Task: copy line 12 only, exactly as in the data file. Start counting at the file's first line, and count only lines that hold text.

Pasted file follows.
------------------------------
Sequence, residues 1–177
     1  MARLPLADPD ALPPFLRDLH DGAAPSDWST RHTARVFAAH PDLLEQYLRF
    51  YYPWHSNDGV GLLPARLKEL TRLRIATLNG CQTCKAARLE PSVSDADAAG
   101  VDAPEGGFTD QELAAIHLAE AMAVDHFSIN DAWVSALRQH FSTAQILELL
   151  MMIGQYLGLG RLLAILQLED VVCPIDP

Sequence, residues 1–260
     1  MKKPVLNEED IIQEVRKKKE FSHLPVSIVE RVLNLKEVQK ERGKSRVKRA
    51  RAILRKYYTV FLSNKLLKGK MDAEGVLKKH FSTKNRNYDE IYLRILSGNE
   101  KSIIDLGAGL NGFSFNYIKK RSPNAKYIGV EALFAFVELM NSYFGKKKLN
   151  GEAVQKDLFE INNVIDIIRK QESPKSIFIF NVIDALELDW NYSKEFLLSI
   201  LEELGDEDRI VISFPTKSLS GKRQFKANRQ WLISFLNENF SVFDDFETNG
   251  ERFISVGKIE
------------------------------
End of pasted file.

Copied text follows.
   251  ERFISVGKIE